11th November 2020
UK government still hasn’t produced a lorry drivers’ guide
India announced on August 5 that it had decided “to defer for the present” the resumption of free trade negotiations with the EU over a dispute about pharmaceutical exports.
Negotiations began in 2007, but have made little progress and the last negotiations were held in May 2013. India’s mid-2014 elections made any progress impossible on key areas of disagreement such as cars, car parts, services, wines and spirits, pharmaceuticals and public procurement – though there has been general agreement on duty-free access to the EU of garments and textiles.
EU Trade Commissioner Cecilia Malmstrom said in early August that two sides would hold a “stocktaking meeting” to assess whether there was sufficient “ambition” to restart the trade talks. This plan was abruptly halted by the Indian government in protest over EU restrictions on marketing 25 generic drugs whose safety record depended on disputed clinical trials conducted by India’s GVK Biosciences.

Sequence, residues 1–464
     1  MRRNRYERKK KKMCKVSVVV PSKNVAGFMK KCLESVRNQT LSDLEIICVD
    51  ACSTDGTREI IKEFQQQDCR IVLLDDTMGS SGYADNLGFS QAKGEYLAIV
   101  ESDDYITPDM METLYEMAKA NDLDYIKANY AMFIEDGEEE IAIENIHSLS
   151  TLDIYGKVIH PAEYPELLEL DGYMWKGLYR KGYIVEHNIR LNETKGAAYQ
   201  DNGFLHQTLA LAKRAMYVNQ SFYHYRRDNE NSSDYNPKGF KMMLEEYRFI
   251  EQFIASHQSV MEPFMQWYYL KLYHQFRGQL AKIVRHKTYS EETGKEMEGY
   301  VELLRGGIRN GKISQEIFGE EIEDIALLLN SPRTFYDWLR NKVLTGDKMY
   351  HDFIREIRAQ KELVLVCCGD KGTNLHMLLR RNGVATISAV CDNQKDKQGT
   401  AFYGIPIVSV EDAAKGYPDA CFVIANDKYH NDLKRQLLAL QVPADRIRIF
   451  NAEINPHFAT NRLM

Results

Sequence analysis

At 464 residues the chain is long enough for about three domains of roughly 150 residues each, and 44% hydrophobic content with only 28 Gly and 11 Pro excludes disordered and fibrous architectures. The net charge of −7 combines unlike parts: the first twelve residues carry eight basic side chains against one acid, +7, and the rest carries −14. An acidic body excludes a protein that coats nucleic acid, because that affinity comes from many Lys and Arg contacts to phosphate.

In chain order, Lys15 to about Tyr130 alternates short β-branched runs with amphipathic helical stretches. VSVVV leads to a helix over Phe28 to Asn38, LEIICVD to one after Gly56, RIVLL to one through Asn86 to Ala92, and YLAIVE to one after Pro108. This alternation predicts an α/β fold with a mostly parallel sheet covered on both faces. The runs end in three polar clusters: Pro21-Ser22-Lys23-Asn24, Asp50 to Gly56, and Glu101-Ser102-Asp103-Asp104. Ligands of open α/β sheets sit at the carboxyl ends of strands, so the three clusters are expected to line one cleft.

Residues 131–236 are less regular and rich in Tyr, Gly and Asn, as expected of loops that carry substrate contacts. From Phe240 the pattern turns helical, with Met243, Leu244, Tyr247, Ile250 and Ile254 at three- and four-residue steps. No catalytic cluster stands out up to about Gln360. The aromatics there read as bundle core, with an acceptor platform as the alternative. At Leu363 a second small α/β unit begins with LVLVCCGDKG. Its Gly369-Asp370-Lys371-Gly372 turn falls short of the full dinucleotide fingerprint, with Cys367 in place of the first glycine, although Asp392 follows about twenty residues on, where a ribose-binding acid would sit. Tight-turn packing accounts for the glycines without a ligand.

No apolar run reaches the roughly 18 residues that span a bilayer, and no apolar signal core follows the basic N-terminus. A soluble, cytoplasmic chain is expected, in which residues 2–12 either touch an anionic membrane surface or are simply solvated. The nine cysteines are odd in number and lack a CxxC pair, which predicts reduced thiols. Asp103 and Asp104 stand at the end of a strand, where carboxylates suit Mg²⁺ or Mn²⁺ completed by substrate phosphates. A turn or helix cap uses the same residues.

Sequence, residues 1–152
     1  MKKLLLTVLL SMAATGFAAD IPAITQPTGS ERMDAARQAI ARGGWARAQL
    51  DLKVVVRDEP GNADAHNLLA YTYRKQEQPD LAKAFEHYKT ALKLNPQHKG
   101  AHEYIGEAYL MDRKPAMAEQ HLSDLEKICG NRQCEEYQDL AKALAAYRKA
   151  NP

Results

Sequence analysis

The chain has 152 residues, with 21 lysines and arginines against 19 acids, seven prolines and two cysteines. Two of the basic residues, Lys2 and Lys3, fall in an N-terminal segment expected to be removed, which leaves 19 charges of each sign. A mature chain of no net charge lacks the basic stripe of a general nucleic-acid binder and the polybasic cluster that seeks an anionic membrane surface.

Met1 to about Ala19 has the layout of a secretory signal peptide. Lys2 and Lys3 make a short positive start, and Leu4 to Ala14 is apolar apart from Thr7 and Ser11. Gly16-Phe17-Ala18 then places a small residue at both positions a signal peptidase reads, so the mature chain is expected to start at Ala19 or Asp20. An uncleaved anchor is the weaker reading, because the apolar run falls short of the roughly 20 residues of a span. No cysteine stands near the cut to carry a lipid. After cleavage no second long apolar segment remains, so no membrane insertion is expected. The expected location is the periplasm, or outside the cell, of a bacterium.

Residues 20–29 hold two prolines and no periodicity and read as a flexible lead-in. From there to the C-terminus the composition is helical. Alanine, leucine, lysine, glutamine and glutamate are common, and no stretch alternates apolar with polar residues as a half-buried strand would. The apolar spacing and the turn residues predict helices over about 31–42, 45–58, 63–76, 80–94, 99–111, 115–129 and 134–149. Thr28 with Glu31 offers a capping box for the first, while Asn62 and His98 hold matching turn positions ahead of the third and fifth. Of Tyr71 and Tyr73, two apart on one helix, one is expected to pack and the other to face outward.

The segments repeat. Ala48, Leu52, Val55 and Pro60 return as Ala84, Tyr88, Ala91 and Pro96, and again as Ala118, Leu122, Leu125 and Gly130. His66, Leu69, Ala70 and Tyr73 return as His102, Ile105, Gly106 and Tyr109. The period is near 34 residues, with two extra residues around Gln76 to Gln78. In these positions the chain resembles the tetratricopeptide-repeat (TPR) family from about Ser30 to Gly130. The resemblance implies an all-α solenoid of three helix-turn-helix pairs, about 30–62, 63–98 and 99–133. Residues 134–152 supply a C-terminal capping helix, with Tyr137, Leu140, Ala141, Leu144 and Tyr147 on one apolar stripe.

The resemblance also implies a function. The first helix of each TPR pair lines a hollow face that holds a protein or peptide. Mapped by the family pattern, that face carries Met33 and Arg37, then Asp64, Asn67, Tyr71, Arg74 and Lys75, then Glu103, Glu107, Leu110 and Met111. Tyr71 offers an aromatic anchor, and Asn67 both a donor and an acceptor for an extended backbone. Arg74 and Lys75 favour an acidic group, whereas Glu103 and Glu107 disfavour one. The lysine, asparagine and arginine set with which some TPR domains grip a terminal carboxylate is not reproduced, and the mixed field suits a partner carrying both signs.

France’s watchdog inspected a GVK Biosciences manufacturing plant in southern India during 2014 and found manipulation of data from electrocardiograms for at least five years. Several large Indian drugmakers had in the past two years faced US and British sanctions over issues ranging from data fabrication to sanitation. India denies the French charge and has refused any corrective action, so in July the EU implemented the ban on GVK-approved drugs announced in January.
EU official reaction has been muted. Some Indian commentators have called India’s decision “broadly consistent with the typical dilly-dallying stance adopted by the country during world trade negotiations, with nationalism, almost always, being used as the alibi for the protectionist stance:” one European commentator saw the Indian decision as support for British exit from the EU as “the only way for the UK to strike an ambitious FTA with India.”